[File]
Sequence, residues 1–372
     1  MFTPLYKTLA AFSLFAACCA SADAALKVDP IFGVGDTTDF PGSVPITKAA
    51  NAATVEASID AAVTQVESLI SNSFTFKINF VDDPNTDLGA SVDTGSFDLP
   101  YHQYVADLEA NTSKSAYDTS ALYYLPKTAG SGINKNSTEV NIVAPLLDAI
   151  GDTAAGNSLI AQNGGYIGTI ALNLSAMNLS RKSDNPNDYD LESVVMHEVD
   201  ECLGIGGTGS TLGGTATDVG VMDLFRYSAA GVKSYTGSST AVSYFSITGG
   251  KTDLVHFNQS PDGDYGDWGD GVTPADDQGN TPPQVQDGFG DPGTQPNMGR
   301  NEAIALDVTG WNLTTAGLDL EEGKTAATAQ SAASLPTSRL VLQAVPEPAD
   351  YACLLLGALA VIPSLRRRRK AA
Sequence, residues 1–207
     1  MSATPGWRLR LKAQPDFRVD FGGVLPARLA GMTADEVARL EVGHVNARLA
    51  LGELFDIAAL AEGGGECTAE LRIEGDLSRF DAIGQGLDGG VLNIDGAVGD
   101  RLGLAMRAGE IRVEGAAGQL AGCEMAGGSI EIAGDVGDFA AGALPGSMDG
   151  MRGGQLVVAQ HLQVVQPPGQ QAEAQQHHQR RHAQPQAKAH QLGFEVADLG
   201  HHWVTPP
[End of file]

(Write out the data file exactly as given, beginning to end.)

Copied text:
Sequence, residues 1–372
     1  MFTPLYKTLA AFSLFAACCA SADAALKVDP IFGVGDTTDF PGSVPITKAA
    51  NAATVEASID AAVTQVESLI SNSFTFKINF VDDPNTDLGA SVDTGSFDLP
   101  YHQYVADLEA NTSKSAYDTS ALYYLPKTAG SGINKNSTEV NIVAPLLDAI
   151  GDTAAGNSLI AQNGGYIGTI ALNLSAMNLS RKSDNPNDYD LESVVMHEVD
   201  ECLGIGGTGS TLGGTATDVG VMDLFRYSAA GVKSYTGSST AVSYFSITGG
   251  KTDLVHFNQS PDGDYGDWGD GVTPADDQGN TPPQVQDGFG DPGTQPNMGR
   301  NEAIALDVTG WNLTTAGLDL EEGKTAATAQ SAASLPTSRL VLQAVPEPAD
   351  YACLLLGALA VIPSLRRRRK AA
Sequence, residues 1–207
     1  MSATPGWRLR LKAQPDFRVD FGGVLPARLA GMTADEVARL EVGHVNARLA
    51  LGELFDIAAL AEGGGECTAE LRIEGDLSRF DAIGQGLDGG VLNIDGAVGD
   101  RLGLAMRAGE IRVEGAAGQL AGCEMAGGSI EIAGDVGDFA AGALPGSMDG
   151  MRGGQLVVAQ HLQVVQPPGQ QAEAQQHHQR RHAQPQAKAH QLGFEVADLG
   201  HHWVTPP